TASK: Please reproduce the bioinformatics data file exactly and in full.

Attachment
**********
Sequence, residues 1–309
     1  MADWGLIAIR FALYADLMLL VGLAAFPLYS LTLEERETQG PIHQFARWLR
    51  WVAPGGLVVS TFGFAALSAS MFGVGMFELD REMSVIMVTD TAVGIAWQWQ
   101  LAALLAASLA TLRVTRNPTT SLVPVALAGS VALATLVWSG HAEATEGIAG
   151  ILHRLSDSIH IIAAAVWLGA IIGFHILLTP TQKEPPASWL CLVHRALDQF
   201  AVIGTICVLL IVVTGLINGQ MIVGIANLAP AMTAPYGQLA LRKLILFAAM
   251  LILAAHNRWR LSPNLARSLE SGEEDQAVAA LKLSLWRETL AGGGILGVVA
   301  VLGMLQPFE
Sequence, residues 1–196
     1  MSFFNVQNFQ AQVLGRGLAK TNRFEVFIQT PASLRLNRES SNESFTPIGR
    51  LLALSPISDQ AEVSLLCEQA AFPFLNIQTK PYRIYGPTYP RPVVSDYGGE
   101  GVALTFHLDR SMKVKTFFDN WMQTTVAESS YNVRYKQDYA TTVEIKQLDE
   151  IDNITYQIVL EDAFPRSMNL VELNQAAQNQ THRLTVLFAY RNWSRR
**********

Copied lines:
Sequence, residues 1–309
     1  MADWGLIAIR FALYADLMLL VGLAAFPLYS LTLEERETQG PIHQFARWLR
    51  WVAPGGLVVS TFGFAALSAS MFGVGMFELD REMSVIMVTD TAVGIAWQWQ
   101  LAALLAASLA TLRVTRNPTT SLVPVALAGS VALATLVWSG HAEATEGIAG
   151  ILHRLSDSIH IIAAAVWLGA IIGFHILLTP TQKEPPASWL CLVHRALDQF
   201  AVIGTICVLL IVVTGLINGQ MIVGIANLAP AMTAPYGQLA LRKLILFAAM
   251  LILAAHNRWR LSPNLARSLE SGEEDQAVAA LKLSLWRETL AGGGILGVVA
   301  VLGMLQPFE
Sequence, residues 1–196
     1  MSFFNVQNFQ AQVLGRGLAK TNRFEVFIQT PASLRLNRES SNESFTPIGR
    51  LLALSPISDQ AEVSLLCEQA AFPFLNIQTK PYRIYGPTYP RPVVSDYGGE
   101  GVALTFHLDR SMKVKTFFDN WMQTTVAESS YNVRYKQDYA TTVEIKQLDE
   151  IDNITYQIVL EDAFPRSMNL VELNQAAQNQ THRLTVLFAY RNWSRR